Quick tips for using an interpreter for speakers of a different language
Using an interpreter can make conversation more tricky however, the tips below should help communication flow more naturally.
- Firstly it is important to ensure you use a professional interpreter and do not rely only on family/ friends to interpret for your patient. Your patient may not feel able to be truly honest when speaking via family/ friends. There is also the risk that family or friends may also add their own concerns into the communication and provide answers based on what they want you to hear.
- Ask the interpreter if she (he) will be doing simultaneous or consecutive interpreting. In simultaneous interpreting the interpreter interprets and speaks at the same time as you speak. In consecutive interpreting the interpreter waits until you have completed a segment of speech and then interprets while you pause and your client listens.Make sure you give a clear introduction and explain who you are and why you are there. It is also helpful for the interpreter to have prior clarification of this which helps them in their role. You can set the scene whilst maintaining your client’s confidentiality with regard to clinical information.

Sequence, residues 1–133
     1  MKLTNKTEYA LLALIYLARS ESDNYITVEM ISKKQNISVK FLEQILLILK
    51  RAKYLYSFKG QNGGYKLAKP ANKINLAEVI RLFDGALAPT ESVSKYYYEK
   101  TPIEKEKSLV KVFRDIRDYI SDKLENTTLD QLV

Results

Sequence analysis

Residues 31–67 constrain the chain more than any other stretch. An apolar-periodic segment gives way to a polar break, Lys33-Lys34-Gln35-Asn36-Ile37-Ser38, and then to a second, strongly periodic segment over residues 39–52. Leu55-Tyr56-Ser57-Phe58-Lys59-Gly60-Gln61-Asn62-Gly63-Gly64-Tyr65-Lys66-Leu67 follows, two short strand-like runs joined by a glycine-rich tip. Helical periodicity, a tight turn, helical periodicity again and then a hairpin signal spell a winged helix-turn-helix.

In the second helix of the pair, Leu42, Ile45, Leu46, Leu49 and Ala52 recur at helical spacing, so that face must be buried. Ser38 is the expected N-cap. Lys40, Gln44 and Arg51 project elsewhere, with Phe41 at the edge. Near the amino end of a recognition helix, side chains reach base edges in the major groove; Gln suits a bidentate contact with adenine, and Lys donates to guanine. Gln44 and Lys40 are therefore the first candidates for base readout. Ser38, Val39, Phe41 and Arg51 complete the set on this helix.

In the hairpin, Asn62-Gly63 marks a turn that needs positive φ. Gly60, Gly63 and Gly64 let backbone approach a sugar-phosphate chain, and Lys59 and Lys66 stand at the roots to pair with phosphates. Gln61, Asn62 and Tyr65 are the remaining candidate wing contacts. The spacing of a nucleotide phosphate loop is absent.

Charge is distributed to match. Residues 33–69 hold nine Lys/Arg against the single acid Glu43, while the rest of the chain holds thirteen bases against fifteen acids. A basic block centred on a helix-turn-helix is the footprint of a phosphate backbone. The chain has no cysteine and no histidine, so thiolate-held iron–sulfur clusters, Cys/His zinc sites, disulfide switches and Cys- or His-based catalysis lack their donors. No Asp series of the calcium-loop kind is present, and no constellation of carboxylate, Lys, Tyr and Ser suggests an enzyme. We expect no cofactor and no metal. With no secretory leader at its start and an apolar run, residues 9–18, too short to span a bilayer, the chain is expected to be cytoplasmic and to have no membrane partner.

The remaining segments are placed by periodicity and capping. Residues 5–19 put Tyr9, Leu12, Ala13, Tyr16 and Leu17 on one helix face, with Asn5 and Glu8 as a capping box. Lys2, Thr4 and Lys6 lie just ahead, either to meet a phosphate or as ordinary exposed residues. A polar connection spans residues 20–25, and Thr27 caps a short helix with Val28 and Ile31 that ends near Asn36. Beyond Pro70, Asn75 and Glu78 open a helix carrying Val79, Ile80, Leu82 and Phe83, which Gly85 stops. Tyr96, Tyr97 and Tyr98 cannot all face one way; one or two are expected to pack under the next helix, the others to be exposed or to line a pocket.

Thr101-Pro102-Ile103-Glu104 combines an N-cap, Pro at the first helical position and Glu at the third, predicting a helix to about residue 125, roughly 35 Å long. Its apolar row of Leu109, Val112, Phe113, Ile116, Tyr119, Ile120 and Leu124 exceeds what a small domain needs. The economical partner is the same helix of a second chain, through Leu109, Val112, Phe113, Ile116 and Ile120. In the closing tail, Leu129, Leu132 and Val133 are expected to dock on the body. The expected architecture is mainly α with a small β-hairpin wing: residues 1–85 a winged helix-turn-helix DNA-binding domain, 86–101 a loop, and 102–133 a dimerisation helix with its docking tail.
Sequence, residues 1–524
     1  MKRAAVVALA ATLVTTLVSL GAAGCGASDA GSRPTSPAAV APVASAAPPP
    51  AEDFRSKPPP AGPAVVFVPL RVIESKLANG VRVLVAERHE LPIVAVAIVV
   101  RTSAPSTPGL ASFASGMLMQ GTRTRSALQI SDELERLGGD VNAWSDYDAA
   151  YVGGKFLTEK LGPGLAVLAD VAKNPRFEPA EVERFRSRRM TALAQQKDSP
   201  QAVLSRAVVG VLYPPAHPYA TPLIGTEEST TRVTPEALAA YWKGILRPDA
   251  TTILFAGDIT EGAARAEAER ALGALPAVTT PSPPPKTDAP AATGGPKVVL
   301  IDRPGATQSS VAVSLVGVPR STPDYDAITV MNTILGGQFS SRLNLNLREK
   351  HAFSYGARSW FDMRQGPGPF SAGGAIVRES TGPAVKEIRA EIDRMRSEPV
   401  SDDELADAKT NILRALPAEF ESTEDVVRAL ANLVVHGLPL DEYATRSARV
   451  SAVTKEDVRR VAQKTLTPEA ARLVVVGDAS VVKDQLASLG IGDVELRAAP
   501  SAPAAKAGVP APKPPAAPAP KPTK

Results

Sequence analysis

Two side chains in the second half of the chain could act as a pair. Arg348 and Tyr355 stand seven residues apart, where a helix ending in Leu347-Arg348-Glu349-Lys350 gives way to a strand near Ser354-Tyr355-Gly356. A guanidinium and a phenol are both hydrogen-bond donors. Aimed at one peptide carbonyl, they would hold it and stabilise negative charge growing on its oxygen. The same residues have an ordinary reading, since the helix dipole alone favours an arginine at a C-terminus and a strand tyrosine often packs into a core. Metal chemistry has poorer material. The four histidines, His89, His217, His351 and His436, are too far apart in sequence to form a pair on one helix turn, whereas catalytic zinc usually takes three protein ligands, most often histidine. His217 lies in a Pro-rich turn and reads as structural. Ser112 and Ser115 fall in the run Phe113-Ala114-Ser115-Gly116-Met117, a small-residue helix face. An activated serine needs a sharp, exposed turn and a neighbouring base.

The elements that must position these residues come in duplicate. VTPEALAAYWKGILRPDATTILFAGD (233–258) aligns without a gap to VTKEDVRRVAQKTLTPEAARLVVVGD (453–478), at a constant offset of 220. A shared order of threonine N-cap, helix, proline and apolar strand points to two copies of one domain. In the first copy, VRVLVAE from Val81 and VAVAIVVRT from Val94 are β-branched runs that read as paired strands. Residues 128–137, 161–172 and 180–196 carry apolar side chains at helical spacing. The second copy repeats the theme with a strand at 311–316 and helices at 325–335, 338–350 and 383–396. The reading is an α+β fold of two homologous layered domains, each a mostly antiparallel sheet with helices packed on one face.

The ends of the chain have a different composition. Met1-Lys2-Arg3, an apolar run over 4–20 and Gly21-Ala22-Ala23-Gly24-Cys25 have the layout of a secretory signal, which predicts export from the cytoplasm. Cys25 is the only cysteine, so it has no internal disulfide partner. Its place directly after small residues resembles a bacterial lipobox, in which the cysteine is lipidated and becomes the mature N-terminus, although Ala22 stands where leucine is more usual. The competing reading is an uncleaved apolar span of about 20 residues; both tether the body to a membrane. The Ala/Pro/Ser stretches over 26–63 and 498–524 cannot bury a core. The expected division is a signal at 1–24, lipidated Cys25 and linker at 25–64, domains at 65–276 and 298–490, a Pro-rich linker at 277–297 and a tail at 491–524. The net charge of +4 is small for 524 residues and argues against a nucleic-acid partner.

- Arrange the seating so you are facing your patient. The interpreter should be close but not in the line of sight between you and your patient.
- Your communication should be directed at your patient and you should look at them whilst speaking / listening. It is really important that you interact with the patient and you do not focus your attention on the interpreter.
- Try to start with some general conversation before getting into the business end of things.
- Try to avoid long questions and break your questions up as much as possible to give the interpreter the opportunity to ask everything you want to know. If your questions are too long winded then you run the risk of the interpret summarising your questions and you may lose valuable information.
- Avoid colloquialisms. English is a language with a vast and rich store of colloquialisms. However, even excellent interpreters can miss the subtleties of the language, especially if English is not their mother tongue
- It is usually best to break conversation into small chunks, check with the interpreter prior to starting as to how much they are comfortable interpreting in one go.
- Ask interpreters not to change or alter what you say even if they think it may cause offense. If you plan to talk about a controversial issue let the interpreter know.
- Keep your language simple!